Euphoric budgets

The NFC Award and the 18th Amendment are at the root of soaring revenues for the federating units

Editorial June 16, 2024


Sindh and Punjab unveiled their budgets of Rs3.056 trillion and Rs5.4 trillion respectively, promising a staggering allocation for development. The estimates paint an equation of euphoria as both the provinces seem to be in the comfort zone of receipts: Punjab boasts a cash increase of 36% from the federal pool, and Sindh has catalogued a carryover balance of Rs55 billion. While the NFC Award and the 18th Amendment are at the root of soaring revenues for the federating units, what’s desired is stability and an unshaken implementation of allocations to make a difference.

Punjab is set to collect Rs472 billion in taxation, a 19% increase from last year, as it projected a development layout of Rs842 billion, carrying a foreign aid component of Rs106.167 billion. The province, however, assured that it has a 100% cash cover for the annual development plan. Its focus on agriculture with Rs65.6 billion brings with it a special component of Rs30 billion for new tractors as well as 7,000 tube-wells converted on solar panels with a cost of Rs9 billion. Likewise, it promises a special incentive of Rs4 billion for Roshan Gharana scheme and Rs5 billion for tourism. Last but not least, Rs65 billion have gone to education, which will see a debut school meal plan with a cash injection of Rs500 million, and Rs128.6 billion for the dilapidated health sector.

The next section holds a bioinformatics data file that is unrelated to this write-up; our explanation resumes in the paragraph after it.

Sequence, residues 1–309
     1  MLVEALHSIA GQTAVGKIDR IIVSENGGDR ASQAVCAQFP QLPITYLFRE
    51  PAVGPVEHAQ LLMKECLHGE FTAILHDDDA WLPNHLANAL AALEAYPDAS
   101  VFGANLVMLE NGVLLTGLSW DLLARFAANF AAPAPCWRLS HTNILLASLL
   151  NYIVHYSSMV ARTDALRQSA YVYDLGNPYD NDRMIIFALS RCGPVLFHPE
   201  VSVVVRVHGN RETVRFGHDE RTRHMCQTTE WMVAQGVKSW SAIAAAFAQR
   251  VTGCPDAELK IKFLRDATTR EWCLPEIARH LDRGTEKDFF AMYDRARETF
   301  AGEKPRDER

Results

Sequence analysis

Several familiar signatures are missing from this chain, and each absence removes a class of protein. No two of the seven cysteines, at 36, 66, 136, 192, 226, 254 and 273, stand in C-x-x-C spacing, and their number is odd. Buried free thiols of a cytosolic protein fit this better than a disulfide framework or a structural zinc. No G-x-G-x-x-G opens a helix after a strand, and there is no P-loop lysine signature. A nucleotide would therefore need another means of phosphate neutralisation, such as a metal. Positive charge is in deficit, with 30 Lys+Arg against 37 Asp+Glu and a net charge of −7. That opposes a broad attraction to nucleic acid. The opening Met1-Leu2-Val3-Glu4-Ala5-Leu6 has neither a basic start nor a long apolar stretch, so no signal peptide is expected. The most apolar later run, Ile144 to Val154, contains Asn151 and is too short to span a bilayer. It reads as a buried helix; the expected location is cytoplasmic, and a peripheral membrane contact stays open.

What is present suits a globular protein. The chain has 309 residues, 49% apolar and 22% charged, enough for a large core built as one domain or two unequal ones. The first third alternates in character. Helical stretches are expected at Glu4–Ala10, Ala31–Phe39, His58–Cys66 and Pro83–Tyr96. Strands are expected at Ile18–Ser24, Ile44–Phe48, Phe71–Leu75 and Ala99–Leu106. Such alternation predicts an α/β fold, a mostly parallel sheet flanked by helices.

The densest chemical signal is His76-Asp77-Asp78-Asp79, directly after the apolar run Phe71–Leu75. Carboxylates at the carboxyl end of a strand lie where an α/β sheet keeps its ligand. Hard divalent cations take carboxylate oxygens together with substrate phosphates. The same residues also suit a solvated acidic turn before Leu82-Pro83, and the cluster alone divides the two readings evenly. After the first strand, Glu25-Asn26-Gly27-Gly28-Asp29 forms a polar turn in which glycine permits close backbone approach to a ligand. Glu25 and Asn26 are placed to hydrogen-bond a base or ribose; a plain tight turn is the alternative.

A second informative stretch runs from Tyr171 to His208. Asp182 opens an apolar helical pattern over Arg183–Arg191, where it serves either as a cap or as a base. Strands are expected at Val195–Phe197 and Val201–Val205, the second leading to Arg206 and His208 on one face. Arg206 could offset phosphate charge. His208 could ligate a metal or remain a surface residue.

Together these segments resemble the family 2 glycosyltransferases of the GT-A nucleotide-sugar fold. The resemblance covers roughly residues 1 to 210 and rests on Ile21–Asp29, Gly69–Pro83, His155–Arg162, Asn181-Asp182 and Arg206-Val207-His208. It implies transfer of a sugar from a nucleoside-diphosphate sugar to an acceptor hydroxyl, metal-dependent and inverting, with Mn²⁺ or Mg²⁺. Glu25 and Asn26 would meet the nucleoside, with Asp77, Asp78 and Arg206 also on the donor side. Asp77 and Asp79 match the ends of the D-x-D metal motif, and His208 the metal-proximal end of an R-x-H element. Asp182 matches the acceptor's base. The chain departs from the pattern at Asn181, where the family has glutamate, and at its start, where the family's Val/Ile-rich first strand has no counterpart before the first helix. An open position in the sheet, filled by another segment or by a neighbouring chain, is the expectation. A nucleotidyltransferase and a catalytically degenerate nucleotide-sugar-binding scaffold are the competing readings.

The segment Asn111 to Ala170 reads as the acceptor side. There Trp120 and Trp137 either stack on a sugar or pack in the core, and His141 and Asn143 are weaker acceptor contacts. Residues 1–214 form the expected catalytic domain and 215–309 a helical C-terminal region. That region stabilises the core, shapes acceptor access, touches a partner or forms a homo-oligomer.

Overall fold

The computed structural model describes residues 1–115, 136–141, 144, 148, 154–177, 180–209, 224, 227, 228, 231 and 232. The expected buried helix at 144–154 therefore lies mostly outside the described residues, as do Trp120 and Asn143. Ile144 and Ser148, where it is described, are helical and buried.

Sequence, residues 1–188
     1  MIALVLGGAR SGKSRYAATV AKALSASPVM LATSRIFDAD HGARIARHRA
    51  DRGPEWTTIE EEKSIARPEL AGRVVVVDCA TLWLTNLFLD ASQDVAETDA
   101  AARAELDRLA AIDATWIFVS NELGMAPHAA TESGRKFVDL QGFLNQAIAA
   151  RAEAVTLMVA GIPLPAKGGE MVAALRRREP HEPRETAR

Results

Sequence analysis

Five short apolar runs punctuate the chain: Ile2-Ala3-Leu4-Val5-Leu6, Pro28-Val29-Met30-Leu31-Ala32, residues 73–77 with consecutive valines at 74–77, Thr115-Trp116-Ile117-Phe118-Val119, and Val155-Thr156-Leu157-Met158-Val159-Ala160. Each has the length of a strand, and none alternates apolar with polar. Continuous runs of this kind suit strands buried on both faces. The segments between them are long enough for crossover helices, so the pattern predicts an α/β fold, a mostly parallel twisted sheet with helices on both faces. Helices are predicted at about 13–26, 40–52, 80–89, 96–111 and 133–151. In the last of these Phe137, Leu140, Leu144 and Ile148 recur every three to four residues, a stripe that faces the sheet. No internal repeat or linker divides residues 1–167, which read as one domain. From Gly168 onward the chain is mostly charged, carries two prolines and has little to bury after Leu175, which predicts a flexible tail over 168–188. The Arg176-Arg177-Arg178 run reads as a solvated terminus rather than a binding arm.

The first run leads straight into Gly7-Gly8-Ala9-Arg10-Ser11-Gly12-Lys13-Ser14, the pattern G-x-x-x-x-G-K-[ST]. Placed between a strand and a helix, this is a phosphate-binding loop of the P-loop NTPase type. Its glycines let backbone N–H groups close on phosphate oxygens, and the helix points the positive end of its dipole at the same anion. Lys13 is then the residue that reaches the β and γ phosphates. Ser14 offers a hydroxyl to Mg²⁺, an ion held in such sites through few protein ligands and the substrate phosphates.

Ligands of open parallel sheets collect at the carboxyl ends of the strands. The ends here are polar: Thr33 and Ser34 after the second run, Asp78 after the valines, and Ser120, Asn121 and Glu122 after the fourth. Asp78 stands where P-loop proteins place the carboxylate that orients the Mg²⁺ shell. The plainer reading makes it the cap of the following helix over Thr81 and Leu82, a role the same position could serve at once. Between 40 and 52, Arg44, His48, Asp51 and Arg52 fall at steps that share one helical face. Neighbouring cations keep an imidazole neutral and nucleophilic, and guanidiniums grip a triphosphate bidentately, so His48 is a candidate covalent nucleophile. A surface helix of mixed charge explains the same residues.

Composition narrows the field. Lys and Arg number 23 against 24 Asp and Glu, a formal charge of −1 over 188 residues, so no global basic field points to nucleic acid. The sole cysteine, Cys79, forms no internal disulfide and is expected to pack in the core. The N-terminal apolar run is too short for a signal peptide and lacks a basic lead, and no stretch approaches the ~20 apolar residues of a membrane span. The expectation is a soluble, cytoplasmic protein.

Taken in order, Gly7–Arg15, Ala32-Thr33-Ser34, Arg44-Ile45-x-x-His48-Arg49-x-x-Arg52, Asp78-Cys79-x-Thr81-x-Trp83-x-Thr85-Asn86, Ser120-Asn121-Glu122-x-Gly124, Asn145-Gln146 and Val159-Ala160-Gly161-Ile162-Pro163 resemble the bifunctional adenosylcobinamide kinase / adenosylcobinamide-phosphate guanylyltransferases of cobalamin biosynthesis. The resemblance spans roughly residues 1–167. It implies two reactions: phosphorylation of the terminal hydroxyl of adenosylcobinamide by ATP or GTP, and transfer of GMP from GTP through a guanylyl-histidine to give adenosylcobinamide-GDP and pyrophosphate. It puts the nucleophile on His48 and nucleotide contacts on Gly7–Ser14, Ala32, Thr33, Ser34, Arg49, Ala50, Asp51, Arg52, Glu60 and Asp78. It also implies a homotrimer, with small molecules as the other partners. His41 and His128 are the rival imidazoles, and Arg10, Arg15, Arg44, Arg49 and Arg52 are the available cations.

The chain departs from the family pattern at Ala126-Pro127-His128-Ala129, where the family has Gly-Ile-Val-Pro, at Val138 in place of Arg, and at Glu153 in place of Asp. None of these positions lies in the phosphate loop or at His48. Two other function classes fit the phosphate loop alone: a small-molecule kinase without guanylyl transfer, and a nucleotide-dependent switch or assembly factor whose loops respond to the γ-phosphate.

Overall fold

So is the case with Sindh which has seen status quo in vogue for the last three decades with the same political dispensation. A corresponding glance suggests that the province has not kept pace with development, as surplus funds sit in the treasure trove along with a new allocation of Rs959 billion. Yet, it is a beneficiary of revenues to the tune of 62% from federal transfers, followed by 22% from its own receipts. This is why it has taken a lead in announcing a hike in salary by 30% for government employees and in pensions by 15%, apart from raising minimum wage to Rs37,000 per month. The contestable education and health sectors have been allocated Rs454 billion and Rs300 billion respectively, with fingers crossed on their judicious execution.


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